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Savage action accurate ?

 
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  #22  
Old 05-11-2011, 10:50 AM
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Location: greenwood, IN
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Re: Savage action accurate ?

Quote:
Originally Posted by J E Custom View Post
Gary.

Sorry I misread your post and I am happy to have not offended you . I enjoy your post as
well and have learned from them.

I am not very good at expressing my self sometimes and it may sound like It is pointed
at someone but It is not.

I try to post How I feel about a subject based on my experiences and assume that everyone
knows that it is an opinion. In this world there are very few absolutes and the only rule is -
"There is no rule".

I to have not been offended very many Times on this sight and find for the most part It is
a very friendly site. Plus I enjoy hearing different points of views especially from the guys
outside the USA because they have to play by a different set of rules. (We are very lucky).

I am not bashful about my opinion and others should not be as long as it doesent get personal.

Thanks again.

J E CUSTOM
years back I had a boss who was an avid paper puncher, and the two of us worked together on several projects. In doing this I had access to a lot of fancey equipment to see where I was going, and of course do it. Then I got involved in the 22 rimfire benchrest stuff, and that's when I knew that I knew very little! These guys are a complete generation ahead of the centerfire boys, and yet are a great bunch to be around.

The equipment I had at my disposal was similar to Chad's. (another fellow I really do enjoy around here). I was lucky in that I had six wire edms and two sinkers at my disposal (we rarely ran more than three of them at a time), so I did do a lot of experiments. Some were complete failures, and some turned out very well. Always had a pair of Bridgeports and two or three machine centers to use about anytime I wanted to. Boss liked it because I kept his machinery running, and he in turn let me do things. People that are not afraid to experiment are people that go places (my two favorite examples are Bill Calfee and Ferris Pendel).
gary
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  #23  
Old 05-11-2011, 04:31 PM
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Join Date: May 2009
Posts: 32
Re: Savage action accurate ?

Wow guys Iím very new to all of this and you have gone straight over my head, but then i am still able to pick some things up. To me it sounds like both Nutted and Un-nutted have there advantages and that neither have been proven to be better than the other. Now dont get me wrong this is what i think i have pick up. but as to the original question, yes it would be beneficial if i were to get my action trued.
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  #24  
Old 05-12-2011, 10:27 AM
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Location: greenwood, IN
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Re: Savage action accurate ?

Quote:
Originally Posted by isu600rr View Post
Wow guys Iím very new to all of this and you have gone straight over my head, but then i am still able to pick some things up. To me it sounds like both Nutted and Un-nutted have there advantages and that neither have been proven to be better than the other. Now dont get me wrong this is what i think i have pick up. but as to the original question, yes it would be beneficial if i were to get my action trued.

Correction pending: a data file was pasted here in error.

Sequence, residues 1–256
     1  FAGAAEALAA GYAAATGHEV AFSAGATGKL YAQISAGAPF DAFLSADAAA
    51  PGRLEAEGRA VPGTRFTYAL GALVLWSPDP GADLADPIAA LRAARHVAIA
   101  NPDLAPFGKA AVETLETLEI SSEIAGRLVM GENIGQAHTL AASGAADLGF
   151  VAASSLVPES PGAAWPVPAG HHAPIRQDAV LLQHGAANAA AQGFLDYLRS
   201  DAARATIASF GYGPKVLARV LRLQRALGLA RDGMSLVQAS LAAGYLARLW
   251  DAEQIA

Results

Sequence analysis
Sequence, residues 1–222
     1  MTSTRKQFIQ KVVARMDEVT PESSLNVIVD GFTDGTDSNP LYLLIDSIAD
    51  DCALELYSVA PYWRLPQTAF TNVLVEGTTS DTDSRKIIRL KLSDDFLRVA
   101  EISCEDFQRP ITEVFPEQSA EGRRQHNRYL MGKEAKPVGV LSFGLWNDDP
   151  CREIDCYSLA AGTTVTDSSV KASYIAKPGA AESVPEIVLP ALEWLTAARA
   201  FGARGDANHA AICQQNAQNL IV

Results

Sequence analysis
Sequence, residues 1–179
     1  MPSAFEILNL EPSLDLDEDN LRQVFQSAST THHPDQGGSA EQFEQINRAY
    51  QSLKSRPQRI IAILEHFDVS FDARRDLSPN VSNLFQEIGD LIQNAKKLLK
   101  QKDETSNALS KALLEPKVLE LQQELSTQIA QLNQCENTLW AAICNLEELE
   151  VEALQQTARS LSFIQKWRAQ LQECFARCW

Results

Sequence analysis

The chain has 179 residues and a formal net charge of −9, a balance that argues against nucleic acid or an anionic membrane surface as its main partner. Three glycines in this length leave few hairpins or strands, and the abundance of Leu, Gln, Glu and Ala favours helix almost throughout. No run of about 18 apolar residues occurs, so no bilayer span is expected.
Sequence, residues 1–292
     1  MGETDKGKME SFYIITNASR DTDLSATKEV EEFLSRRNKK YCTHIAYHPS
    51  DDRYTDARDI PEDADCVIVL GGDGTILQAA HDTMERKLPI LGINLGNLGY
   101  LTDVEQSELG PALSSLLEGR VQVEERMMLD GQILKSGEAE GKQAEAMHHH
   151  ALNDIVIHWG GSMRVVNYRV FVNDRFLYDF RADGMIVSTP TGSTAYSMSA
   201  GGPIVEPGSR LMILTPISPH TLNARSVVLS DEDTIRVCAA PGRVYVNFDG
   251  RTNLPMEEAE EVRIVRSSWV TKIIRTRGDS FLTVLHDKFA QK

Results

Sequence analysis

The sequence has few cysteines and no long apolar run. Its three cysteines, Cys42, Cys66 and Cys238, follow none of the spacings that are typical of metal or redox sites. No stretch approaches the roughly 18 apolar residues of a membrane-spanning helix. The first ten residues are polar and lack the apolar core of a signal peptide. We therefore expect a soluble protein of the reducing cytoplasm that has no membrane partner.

I'm kinda like this in the argument. "if it works for you then so be it." Somebody proved a long time ago that the typical thread inside the reciever bridge was too short for a 1.06" thread diameter, and this has been confirmed many times over. Then in our time we've mostly gotten on the 26" thru 30" barrel length agenda. But in doing so we've lost the rigidity of the barrel and consistencey. Still even worse yet is the leverage factor that the long tube has on the barrel thread and shoulder contact points. We probably need about 1.38" of thread with a shoulder (or nut) diameter of about the same diameter.

If you have a reciently machined Savage action, you'll probably find that the action is very square and strait. That dosn't make it perfect, but at least your out front. There's also the trigger mounting area and the cocking device (cannot think of the right word this morning). The next real problem is that you cannot turn a barrel thread for that so called perfect contact with the internal thread. Be nice, but you'll destroy the thread the first time you install it. Yes you could lap the male and female together, but as I said you may never get it back apart.
gary
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  #25  
Old 05-12-2011, 11:14 AM
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Location: Allen, TX
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Re: Savage action accurate ?

I suppose you could factor in that rifles, barrel making, metallic cartridges, reloading, etc... are inherently imperfect. Hence, the need for tolerances and materials such as copper, lead, and brass that adapt.

It all makes for lots of variables and excellent competition whether it's you against nature or against other builders, spotters, shooters...
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  #26  
Old 05-13-2011, 05:36 AM
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Join Date: Dec 2005
Posts: 2,114
Re: Savage action accurate ?